“They say they chose paint that will seal rooftops against rain and reflect ultra-violet rays, cooling the homes below.

“And in order to paint the rooftops, they had to negotiate with residents and often had to clear large amounts of trash and debris. …

“Walid Abu Heit, 29, joined the project as a painter after hearing about it from March, a Lebanese NGO that has worked on reconciliation and rehabilitation in the rival neighbourhoods. …

“He and other workers lugged heavy tubs of paint up seven floors and began plastering a roof with the fluorescent green, which flecked his hands and boots.

” ‘It’s an amazing project,’ he said, smiling and shading his eyes from the blazing sun.

” ‘The word peace, it’s a great word … we haven’t seen it for a long time, now we’re seeing it again.’

Read more here; also at National Public Radio, here.

And ponder the power of artistic twins here, at one of my posts on street artists Os Gemeos. The Greenway’s first giant mural, which they painted, is still my favorite. It makes you think about “The Other” as a sweet little kid.

Read Full Post »

You may recall a past post about the Greenway mural by Os Gemeos, Brazilian twins who had a show at the Institute of Contemporary Art and painted street art around Boston when they were here. I posted pictures of their work-in-progress for the Greenway, here.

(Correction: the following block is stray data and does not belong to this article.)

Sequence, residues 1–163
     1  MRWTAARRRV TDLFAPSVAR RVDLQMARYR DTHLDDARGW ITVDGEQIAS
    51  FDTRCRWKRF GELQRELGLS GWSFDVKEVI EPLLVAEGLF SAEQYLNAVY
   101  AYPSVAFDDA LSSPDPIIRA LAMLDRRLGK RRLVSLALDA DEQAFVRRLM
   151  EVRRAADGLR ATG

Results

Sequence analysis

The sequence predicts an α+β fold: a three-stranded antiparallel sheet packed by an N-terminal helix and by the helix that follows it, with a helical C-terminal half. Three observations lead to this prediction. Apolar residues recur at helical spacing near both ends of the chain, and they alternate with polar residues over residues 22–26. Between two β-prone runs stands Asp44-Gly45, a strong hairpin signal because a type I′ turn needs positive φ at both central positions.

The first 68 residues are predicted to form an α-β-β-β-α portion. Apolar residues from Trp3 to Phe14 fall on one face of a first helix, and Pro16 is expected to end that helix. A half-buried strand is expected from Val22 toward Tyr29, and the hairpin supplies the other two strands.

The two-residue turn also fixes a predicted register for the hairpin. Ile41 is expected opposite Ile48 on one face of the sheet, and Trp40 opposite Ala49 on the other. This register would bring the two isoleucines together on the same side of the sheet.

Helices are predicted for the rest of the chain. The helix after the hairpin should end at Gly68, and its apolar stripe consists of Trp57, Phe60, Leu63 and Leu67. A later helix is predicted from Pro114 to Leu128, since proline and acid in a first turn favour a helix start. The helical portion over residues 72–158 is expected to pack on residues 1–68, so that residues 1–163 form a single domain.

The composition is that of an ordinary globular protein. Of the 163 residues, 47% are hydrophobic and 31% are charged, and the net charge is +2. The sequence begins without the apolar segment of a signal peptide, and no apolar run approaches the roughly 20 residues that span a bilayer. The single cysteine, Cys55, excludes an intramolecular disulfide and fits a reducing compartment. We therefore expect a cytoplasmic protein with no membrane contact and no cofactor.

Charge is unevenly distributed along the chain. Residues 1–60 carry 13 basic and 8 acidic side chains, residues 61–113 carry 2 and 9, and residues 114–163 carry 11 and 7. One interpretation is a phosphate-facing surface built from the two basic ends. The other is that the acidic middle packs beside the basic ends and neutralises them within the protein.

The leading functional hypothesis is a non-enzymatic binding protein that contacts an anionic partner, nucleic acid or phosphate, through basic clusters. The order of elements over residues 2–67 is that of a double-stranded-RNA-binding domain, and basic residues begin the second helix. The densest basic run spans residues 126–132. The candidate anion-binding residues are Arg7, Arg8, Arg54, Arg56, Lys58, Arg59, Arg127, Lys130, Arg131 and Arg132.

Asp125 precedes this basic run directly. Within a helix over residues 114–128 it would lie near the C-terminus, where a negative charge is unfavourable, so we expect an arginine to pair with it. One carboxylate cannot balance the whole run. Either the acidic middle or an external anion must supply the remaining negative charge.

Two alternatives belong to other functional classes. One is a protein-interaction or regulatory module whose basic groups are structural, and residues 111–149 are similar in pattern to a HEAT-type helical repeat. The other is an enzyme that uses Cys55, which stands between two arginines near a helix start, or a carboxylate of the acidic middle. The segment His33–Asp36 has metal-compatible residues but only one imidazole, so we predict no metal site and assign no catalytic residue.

Geoff Hargadon photographed the finished work for the Boston Globe, below.

That giant mural is gone now, and Matthew Ritchie is working on the next one. I took a picture of it today and plan to take more for the blog as Ritchie wraps up.

Geoff Edgers at the Globe gives some background on this new piece. “The Institute of Contemporary Art has commissioned British-born Matthew Ritchie, known for using scientific principles to inspire his work, to take over the enormous outdoor canvas.

“Ritchie’s 5,000-square-foot seascape will be installed the week of Sept. 16 and remain up for as long as 18 months.